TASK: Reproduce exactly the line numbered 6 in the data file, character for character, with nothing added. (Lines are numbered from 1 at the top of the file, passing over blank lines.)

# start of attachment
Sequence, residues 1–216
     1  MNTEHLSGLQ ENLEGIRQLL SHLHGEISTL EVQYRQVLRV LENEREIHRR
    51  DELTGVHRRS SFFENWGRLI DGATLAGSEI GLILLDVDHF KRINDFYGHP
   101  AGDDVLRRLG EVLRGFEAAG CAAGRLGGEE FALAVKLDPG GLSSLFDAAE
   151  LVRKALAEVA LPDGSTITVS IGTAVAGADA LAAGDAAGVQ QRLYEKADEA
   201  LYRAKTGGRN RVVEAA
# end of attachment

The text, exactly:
   201  LYRAKTGGRN RVVEAA